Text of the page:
I don’t know anyone who doesn’t like a good chocolate cake but a double dark chocolate cake is even more special. My post the other day about blueberry muffins and a story about my mother brought back a flood of memories about growing up in a small rural town. This cake comes from Maine too.
Maybe your town or region has its own phrases but there are many I grew up with that I’ve never heard anywhere else. Some people live in the boonies, back of beyond, etc., but my friends who lived quite a drive out of town were said to live out in the puckerbrush. I have no idea what a puckerbrush is but it’s obviously something that only grows quite a distance from town.
The iconic word for a downeaster is the word ‘ayuh’. It’s hard to describe how that’s pronounced. It’s got a long a and the rest of it comes from the back of your throat. Some of the old timers said the word as they breathed in saying it 3 times. It’s what Mainers say as yes or affirmative or what to say when you can’t think of anything else to say or simply an acknowledgement that you’ve heard what the other person has said.
When ships sailed from Boston to ports in Maine (which were to the east of Boston), the wind was at their backs, so they were sailing downwind, hence the term ‘Down East.’ And it follows that when they returned to Boston they were sailing upwind; many Mainers still speak of going ‘up to Boston,’ despite the fact that the city is about 50 miles to the south of Maine’s southern border.
Many of the phrases everyone used were politically incorrect but those needn’t be listed. Sometimes when we were staying at the cottage on the coast it was ‘so foggy, I stuck out my arm and couldn’t see my thumb’. If we were really tough we were ‘tougher than a bag of hammers’. If we were slow we were ‘slower than the second coming of Christ’. If my father got angry or hurt himself it was ‘jumpin judas on a rock’.
If it was really dark it was ‘blacker than the inside of a cow’. I can still remember my father saying, ‘Bet that went over like a faht (fart) in church.’
I think only in Maine you’ll find the word dooryard. It’s the yard at the front door of a house. You step out into the dooryard when you leave.
Want directions? ‘You hook a right at the corner and go down the road a piece’.
I had an uncle who was fond of saying, “For the love of Mike, he was so hyper he was like a fart in a skillet.” He also used the very common Maine phrase and the motto of most Maine families, “Use it up, wear it out, make do or do without.”
When my brother’s ears were dirty, my mother would say he ‘could grow potatoes in those ears.’ Things were never ordinary type good, in Maine things are wicked good. Wicked all by itself is still evil but wicked followed by good – that’s Maine.
My aunt Leonie, if she didn’t know the answer always said, ‘hard tellin, not knowin.’ Remember that in Maine the letter r doesn’t really exist. The word is hahd. Our neighbor always went ‘Upta camp’ when they went to their cottage at the lake.
Here’s a video by Tim Sample that makes me laugh. It makes me laugh because it’s so true. You need to watch it til the end but it’s only 2:54 long.
This is a cake my mother would bake to take down to the cottage at Ocean Point. We’d go to the shore (showah) for a lobster (lobstah) and clambake with friends and after everyone was ready to pop, my mother would bring out this wonderful cake. I loved it and I loved it even more that she brought it to the clambakes because everyone was always too full for dessert and we’d get to take it home.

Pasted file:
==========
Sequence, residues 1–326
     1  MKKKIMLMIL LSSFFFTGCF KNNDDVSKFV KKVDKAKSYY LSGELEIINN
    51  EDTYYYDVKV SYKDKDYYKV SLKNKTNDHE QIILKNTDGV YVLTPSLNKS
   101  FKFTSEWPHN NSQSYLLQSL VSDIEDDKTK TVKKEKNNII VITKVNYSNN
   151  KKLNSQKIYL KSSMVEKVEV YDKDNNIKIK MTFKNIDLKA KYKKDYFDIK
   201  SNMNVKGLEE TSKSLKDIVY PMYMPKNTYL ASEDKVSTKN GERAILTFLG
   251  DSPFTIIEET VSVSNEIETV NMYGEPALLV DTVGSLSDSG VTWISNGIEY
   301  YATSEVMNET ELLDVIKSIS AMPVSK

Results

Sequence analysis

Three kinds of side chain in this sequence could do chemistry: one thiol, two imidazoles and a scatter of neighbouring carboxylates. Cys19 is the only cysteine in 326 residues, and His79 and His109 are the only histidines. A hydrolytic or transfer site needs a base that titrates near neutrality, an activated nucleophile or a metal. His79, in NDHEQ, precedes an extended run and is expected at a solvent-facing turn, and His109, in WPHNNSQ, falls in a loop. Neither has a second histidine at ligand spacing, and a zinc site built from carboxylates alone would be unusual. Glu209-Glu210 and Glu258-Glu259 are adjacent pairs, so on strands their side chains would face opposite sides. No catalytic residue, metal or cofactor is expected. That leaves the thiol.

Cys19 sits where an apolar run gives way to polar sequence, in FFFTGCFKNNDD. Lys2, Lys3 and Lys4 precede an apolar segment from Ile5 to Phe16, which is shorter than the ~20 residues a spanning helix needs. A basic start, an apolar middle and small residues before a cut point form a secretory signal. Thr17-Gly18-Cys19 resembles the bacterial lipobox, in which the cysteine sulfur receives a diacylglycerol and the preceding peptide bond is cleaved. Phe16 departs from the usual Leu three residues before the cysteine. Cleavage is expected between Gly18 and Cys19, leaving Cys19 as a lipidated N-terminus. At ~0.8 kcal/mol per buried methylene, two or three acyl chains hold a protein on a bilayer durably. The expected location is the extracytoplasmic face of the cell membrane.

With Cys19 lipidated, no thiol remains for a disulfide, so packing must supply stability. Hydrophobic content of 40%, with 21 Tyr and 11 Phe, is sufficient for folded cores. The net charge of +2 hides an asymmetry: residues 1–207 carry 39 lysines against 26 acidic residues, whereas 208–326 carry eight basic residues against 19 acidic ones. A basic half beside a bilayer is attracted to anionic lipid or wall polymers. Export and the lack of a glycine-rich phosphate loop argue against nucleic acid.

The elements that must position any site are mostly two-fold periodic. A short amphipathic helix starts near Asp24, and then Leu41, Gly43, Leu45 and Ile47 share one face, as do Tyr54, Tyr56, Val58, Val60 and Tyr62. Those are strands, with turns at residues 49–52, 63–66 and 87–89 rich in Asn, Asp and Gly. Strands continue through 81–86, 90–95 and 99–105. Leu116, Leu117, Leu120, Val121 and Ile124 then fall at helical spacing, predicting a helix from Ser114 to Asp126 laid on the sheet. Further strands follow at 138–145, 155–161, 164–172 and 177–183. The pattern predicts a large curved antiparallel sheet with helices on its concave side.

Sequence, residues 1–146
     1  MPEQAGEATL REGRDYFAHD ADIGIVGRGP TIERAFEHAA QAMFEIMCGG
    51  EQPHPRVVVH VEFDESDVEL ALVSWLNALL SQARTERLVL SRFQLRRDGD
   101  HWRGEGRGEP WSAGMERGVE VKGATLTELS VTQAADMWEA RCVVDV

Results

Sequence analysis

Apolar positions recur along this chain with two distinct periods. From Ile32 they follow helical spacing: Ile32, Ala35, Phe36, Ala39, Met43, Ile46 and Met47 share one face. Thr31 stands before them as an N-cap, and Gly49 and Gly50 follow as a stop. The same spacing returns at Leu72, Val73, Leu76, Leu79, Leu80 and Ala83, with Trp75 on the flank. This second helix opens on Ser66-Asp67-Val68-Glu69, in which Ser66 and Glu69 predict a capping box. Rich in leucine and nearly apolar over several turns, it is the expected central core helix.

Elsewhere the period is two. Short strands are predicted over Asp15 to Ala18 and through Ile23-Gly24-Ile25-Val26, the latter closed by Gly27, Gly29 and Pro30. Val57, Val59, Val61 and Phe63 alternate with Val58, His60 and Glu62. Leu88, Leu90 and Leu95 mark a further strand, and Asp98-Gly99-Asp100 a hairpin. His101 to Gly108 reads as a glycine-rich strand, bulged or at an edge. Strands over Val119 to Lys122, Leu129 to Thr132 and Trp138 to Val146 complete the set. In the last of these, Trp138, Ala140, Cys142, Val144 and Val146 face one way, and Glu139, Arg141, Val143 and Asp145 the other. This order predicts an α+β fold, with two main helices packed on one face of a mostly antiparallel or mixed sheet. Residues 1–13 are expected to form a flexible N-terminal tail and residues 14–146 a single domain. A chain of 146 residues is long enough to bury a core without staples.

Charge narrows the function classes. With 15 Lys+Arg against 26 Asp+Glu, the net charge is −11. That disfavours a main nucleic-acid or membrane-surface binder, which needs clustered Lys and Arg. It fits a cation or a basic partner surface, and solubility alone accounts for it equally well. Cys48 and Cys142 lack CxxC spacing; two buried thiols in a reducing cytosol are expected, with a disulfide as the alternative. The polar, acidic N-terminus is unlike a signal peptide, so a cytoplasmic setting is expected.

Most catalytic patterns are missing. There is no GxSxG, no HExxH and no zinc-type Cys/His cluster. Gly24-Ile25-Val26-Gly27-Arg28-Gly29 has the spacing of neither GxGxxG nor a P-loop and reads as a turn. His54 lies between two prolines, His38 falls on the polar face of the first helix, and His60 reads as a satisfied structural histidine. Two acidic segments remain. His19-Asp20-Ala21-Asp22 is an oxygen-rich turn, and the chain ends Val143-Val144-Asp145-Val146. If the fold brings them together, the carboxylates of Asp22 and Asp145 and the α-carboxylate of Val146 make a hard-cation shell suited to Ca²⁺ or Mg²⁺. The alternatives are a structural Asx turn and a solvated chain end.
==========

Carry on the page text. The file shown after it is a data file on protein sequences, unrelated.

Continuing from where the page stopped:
- 2 cups sugar
- 1¾ cups all-purpose flour
- ¾ cup unsweetened cocoa powder (I used dark cocoa)
- 1 teaspoon baking powder
- 1 teaspoon salt
- 2 teaspoons baking soda
- 1 cup buttermilk (or 1 cup of milk with a tablespoon of fresh lemon juice or white vinegar)
- ½ cup vegetable oil
- 2 large eggs
- 1 teaspoon vanilla extract - the good stuff
- 1 cup hot coffee
- ½ cup chocolate chips
- 2 cups chocolate, finely chopped (or use chocolate chips)
- ¾ cup heavy cream
- 1 tablespoon corn syrup (you can leave this out)
- Preheat the oven to 180°C / 350°F.
- Grease two 8-by-2-inch round cake pans or one 9-inch pan and line the bottom with baking paper. Grease the paper as well and dust with flour. Tap out any excess flour.
- Using an electric mixer fitted with a paddle, combine the flour with the sugar, cocoa powder, baking soda, baking powder and salt at low speed.
- In another bowl, whisk the buttermilk, oil, eggs and vanilla.
- Slowly add the buttermilk mixture into the dry ingredients until just incorporated, then slowly add the hot coffee until fully incorporated.
- Mix in the chocolate chips.
- Pour the batter into the prepared pan(s).
- Bake for 35 minutes, or until a toothpick inserted in the center comes out clean. Let the cakes cool in the pans for 30 minutes, then invert the cakes onto a rack to cool.
- Peel off the parchment.
- In a glass bowl add chocolate and cream. Microwave for 1 minute and stir. Heat again for 10 seconds.
- Add corn syrup and whisk until smooth.
- Place cake on serving dish and spoon over warm ganache. I usually put a thin layer and put the cake in the fridge and then re-apply the ganache so it's extra thick. Doing it in one go means most of it lands on the plate.
I promise, this is my last Maine post for a while.